Weather starter: Harvest window opens
Though rain fell late last week and into the weekend in parts of the Corn Belt, look for any interruptions to fall harvest to be few and far-between over the next few days as conditions allow for rapid final maturation of the corn and soybean crops, weather experts say.
Though much of the region's been in dire need of moisture, the last 5 days of precipitation's been largely too little too late for farmers, with a few small exceptions for late-developing soybeans.
"Rains were widespread across the Midwest late last week and early this past weekend, improving soil moisture some, but slowing corn and soybean drydown and early harvesting. The rains were too late to provide any significant boost in corn or soybean yields," says MDA Weather Services senior ag meteorologist Kyle Tapley. "Drier weather is expected in most areas this week, which should favor corn and soybean maturation."
That's not to say there are no chances for moisture; Tapley says showers are likely in some spots around the Midwest, but Harvey Freese of Freese-Notis Weather, Inc., says those showers will do little -- if anything -- to hold up harvest work getting underway in earnest this week.
"The best chance for measurable rainfall through the end of the week will be across the Northern Plains and the western Midwest, with some indications that the Ohio Valley could get in on the action towards early next week," Freese says. "The majority of the next 7 days will be dry, however, and with warm temperatures crop conditions for maturation and harvest look quite favorable."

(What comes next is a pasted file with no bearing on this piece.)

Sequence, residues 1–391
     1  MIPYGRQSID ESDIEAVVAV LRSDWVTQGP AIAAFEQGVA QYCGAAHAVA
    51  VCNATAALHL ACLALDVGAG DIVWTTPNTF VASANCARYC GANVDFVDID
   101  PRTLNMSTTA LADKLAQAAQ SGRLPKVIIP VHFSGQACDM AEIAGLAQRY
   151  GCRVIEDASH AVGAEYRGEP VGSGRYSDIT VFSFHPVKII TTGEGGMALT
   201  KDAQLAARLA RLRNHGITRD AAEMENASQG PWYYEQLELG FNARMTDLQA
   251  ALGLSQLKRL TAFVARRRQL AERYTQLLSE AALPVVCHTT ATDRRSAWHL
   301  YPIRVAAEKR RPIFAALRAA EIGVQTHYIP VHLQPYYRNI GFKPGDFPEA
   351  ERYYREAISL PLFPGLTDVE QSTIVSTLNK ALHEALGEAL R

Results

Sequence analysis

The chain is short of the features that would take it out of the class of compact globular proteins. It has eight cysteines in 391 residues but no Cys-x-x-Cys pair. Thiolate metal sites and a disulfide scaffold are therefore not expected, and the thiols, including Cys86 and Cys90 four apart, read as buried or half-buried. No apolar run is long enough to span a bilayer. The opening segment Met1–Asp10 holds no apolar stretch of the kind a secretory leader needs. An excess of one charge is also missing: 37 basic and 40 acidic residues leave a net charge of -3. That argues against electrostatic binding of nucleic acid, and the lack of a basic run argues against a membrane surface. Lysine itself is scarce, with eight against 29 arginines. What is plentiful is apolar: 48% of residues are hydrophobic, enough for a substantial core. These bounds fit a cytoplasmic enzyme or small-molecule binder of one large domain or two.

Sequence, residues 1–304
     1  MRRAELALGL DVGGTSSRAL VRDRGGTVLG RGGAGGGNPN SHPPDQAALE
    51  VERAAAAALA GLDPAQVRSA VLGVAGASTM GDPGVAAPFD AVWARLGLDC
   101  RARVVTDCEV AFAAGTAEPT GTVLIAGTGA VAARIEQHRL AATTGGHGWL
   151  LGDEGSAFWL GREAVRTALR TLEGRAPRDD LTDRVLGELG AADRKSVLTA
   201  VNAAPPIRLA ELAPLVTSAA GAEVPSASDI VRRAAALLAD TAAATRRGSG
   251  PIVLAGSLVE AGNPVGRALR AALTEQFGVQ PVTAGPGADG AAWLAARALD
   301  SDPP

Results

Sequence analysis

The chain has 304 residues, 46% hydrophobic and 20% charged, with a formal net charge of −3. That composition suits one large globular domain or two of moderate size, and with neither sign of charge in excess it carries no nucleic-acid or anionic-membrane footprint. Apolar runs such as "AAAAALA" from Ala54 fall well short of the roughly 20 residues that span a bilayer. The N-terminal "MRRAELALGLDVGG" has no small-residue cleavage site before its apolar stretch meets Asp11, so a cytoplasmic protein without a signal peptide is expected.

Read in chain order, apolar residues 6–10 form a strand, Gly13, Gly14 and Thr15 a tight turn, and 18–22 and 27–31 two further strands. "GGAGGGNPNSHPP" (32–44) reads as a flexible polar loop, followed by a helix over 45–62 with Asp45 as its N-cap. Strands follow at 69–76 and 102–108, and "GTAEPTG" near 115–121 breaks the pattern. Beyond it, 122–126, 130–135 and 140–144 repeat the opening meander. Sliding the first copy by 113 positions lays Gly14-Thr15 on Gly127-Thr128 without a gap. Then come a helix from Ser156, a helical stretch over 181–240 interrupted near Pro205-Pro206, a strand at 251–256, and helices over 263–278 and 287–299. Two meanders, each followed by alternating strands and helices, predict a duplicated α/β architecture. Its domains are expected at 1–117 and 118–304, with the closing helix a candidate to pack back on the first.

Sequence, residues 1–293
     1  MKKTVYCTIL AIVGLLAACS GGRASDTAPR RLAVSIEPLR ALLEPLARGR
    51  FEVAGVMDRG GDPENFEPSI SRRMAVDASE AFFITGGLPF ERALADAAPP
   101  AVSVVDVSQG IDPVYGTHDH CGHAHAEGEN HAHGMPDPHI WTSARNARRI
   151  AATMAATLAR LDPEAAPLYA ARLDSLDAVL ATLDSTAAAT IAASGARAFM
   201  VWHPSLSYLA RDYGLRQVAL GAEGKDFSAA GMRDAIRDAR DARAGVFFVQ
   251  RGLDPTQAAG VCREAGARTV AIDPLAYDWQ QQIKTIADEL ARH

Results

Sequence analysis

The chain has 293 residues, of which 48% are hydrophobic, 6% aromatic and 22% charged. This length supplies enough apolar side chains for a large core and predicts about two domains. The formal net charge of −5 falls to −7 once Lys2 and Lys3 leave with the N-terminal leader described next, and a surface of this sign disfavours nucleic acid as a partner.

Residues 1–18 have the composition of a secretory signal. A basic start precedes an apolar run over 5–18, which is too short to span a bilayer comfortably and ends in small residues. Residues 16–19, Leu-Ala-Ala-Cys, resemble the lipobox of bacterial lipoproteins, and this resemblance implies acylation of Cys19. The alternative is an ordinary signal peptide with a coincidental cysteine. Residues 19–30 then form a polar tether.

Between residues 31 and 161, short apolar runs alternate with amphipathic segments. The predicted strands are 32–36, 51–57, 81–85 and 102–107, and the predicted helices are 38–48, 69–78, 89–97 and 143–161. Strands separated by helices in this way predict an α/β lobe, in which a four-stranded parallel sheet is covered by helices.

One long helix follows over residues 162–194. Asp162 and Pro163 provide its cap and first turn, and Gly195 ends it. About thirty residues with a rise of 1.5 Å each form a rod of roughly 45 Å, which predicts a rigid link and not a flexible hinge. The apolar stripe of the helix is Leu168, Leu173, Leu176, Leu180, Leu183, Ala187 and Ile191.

Moisture's not the only storyline in play right now; chilly overnight temperatures were common over the weekend, and that's fueling some speculation that a killing frost may not be far off. But, according to the Iowa Environmental Mesonet (IEM) on Monday, it's important not to assume an unrelated condition -- the phase of the moon -- is influencing your freeze chances.
"Very cool overnight temperatures visited the state this past weekend with lows approaching freezing over northwestern Iowa on Saturday morning. This very cool weather was close to the most recent full moon late last week. There is a saying in weather folklore that the first freeze of the fall season often happens on the full moon as having a full moon impacts the profile of water vapor which allows temperatures to more rapidly cool," according to the IEM on Monday. "These events happen at about any time during the lunar cycle. The reason that this folklore gets perpetuated is that the first frost is almost always on a clear sky night with limited water vapor in the air, so any moon will appear very bright and crisp."